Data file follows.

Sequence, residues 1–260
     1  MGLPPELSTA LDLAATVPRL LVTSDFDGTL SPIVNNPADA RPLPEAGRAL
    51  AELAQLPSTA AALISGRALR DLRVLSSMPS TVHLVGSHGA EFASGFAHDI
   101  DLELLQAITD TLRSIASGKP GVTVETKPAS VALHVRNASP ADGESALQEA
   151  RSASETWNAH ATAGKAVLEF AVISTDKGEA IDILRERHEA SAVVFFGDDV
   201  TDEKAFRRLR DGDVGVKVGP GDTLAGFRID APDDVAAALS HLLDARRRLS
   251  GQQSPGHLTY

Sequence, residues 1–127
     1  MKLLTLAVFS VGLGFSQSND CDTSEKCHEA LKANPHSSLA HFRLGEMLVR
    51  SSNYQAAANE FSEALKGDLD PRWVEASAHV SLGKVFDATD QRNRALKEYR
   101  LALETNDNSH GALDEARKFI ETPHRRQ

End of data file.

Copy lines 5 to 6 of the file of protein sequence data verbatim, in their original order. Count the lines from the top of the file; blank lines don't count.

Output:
   151  RSASETWNAH ATAGKAVLEF AVISTDKGEA IDILRERHEA SAVVFFGDDV
   201  TDEKAFRRLR DGDVGVKVGP GDTLAGFRID APDDVAAALS HLLDARRRLS